The author Pearl Buck once said, “If you want to understand today, you have to search yesterday.” Sometimes I feel like I am the grandmother’s attic for the gay community. Scattered about, dusty, rarely looked at, with years of recollections, articles, and reflections waiting to be boxed up and taken to the dump when grandma’s house is razed for something newer and shinier. Well, that’s the nature of things.
However, I think it’s a sad commentary that I am virtually the only person trying to preserve our collective history here in Salt Lake City, the Crossroads of the West. No matter how committed I may be to being impartial, my perceptions will color and misrepresent people and events of the history of the struggle for gay rights in Utah.
I know of only two others who have tried to preserve our history: Connell “Rocky” O’Donovan and Jay Bell.
O’Donovan and I founded the Utah Gay and Lesbian Historical Society in 1988. At the time I was more of an archivist while O’Donovan was doing some first-rate research into early Utah Mormon history. He began collecting and archiving documents, photos and other materials relating to homosexuality and transexuality. In 1992, through Signature Books in Salt Lake City, he published a preliminary history called” The Abominable and Detestable Crime Against Nature: A Brief History of Homosexuality and Mormonism, 1830-1980,” which is now online at www.connellodonovan.com.
O’Donovan moved away from Utah to Santa Cruz, Calif. in 1994, where he maintains, in his home, the large archive of historical material related to both Utah and Mormonism.
In 1995, the year after O’Donovan left Utah, Bell attended his first meeting of Affirmation in Salt Lake City where he came out as a gay man. Bell, despite being completely blind in one eye and legally blind in the other, was an avid reader and researcher. His love for research began as a student at BYU. Bell belonged to a group known as the “Xerox Priests,” an underground group of BYU students who spent hours photocopying the controversial Mormon historical documents that were emerging in those days. He was perpetually collecting documents and sharing them with those who asked for a copy.
Bell’s first research project was looking for gay Mormon related articles in the local papers. He later expanded his research over the Internet, capturing hundreds of pages with gay Mormon related articles from the web. Bell also conducted research outside of Utah – at the One Institute and Archives in Los Angeles and at the Library of Congress in Washington, D.C.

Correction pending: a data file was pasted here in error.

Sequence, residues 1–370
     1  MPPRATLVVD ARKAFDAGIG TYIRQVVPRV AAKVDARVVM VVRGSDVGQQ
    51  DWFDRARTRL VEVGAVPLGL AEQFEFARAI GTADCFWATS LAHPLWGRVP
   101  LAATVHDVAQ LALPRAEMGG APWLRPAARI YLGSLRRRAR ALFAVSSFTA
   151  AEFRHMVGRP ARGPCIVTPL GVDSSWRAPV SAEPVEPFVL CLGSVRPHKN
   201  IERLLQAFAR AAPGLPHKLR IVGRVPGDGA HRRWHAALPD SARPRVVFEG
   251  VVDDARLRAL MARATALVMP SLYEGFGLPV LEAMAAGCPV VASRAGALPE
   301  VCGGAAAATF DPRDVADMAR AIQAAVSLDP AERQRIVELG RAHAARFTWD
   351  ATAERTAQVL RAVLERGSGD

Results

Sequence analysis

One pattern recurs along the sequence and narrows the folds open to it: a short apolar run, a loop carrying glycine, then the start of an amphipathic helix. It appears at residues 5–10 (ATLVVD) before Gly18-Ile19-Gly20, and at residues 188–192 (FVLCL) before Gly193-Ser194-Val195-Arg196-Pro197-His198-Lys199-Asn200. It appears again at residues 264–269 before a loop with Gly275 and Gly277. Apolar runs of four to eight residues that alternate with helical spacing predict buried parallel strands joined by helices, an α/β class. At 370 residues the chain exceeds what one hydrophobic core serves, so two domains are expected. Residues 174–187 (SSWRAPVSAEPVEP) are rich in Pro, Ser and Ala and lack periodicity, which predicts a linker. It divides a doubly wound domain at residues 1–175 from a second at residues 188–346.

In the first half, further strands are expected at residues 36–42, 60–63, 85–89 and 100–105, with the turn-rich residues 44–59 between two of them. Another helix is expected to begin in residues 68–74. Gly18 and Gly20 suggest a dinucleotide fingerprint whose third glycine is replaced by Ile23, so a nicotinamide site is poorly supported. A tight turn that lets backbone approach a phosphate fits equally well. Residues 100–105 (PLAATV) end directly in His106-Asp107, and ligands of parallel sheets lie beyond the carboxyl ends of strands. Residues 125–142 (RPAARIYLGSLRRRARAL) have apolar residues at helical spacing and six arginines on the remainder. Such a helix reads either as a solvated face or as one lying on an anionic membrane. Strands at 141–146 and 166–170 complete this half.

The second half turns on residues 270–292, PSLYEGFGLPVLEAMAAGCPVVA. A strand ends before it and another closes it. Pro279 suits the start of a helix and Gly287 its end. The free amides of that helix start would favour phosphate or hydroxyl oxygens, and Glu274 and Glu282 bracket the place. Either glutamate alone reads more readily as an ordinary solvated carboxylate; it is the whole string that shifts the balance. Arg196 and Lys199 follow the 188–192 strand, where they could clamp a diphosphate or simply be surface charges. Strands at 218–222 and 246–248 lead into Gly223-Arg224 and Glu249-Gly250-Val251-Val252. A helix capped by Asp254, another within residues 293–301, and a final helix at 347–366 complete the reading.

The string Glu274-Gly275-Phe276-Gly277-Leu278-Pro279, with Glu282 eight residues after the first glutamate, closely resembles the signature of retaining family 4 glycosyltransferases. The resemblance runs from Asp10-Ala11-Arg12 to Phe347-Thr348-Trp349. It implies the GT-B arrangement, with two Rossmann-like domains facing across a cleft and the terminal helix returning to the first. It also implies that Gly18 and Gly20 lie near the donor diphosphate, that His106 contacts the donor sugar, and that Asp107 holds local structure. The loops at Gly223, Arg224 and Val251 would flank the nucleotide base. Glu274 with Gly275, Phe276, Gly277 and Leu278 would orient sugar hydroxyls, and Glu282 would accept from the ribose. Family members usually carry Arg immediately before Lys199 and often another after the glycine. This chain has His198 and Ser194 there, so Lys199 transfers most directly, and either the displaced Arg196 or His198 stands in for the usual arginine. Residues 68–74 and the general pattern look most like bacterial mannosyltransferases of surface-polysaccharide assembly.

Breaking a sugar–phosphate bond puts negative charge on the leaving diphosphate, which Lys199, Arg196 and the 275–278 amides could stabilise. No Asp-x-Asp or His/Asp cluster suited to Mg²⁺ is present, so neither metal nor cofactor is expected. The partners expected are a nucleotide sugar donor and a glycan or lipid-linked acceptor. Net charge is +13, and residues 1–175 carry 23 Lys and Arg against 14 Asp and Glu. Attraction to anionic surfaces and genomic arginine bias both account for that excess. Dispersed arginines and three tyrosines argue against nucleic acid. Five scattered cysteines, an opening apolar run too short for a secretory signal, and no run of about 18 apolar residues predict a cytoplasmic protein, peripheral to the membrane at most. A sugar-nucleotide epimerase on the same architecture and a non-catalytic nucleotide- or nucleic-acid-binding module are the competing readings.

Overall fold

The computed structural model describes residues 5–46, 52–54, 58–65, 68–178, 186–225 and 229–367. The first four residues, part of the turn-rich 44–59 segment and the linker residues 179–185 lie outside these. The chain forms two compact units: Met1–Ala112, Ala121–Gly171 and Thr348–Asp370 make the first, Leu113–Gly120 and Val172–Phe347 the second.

During the last years of his life, Bell was a permanent fixture at the LDS Church Historical Library on Temple Square and the Special Collection at the Marriott Library. His concern for the preservation of gay Mormon history led him to create the Affirmation Collection at the Marriott Library at the University of Utah. He and I also worked together to start a similar collection of Utah gay history at the university’s special collections. Eventually, Bell wrote several articles for the website for Affirmation (www.affirmation.org). He also composed a data-disc compilation of some 130 documents and articles related to homosexuality in the LDS Church and the Community of Christ.
Bell died as consequence of a traffic accident in Salt Lake City, in 2003, precisely when his remarkable research was beginning to bear fruit.
Now I am the last gay historian to remain in Utah, but I’m the first to admit that my collection is tainted by biases imprinted at an early age. It focuses on the people I knew either personally or by common knowledge. I have an encyclopedia memory of first hand events from 1986-1997 but I rely on the memories and printed articles of others for events prior and afterward. Though, I’ve tried to be objective.
I have written a history column for Utah’s Gay publications since 1987 and acted as the archivist for the old Utah Stonewall Center from 1991-1997. After the closure of the archives, I rebuilt my collection, and with the help of the late Chad Keller, restarted the Utah Stonewall Historical Society, which can be found on Facebook.
I stopped recording Gay events at the end of 2010. In an era where the Salt Lake Tribune has a blog page devoted exclusively to LGBT issues, it has become tedious, as well as irrelevant, to record the minutiae of our lives. There was a time when one had to ferret and sniff out our hidden history since we were a taboo subculture in Utah society. We can hardly be called a subculture or taboo anymore. We have become so main-stream that we are now simply ordinary, which, to me, is extraordinary. I liked it better when we were simply fabulous. In the not so distant past, we had to be fabulous to overcome the slings and arrows of a hostile society that were directed at our collective soul.
O’Donovan, Bell and I all kept a history of gays in Utah for various reasons. None of them was for fiduciary benefits. While I cannot speculate on why O’Donovan and Bell devoted much of their lives to reclaiming our past, one of my main reasons for 25 years of record keeping is that I felt the story of the determination of a people to fight for dignity and justice has to be told. I am also convinced that a people without a history are not a people. What binds us together is our connection to the past. Yes, I am old school and still believe that gays are a “people” with special and unique quantifiers that make us slightly different from heterosexuals, not better or worse but certainly out of the ordinary. And it’s our right to know where we came from and how we got to where we are now. That’s my bequeathment to a community I have always been proud to have served and have loved. We have a common legacy.
Finally, I like to think of my writings and interpretations of past events as how the American philosopher Elbert Hubbard once defined history as “gossip well told.”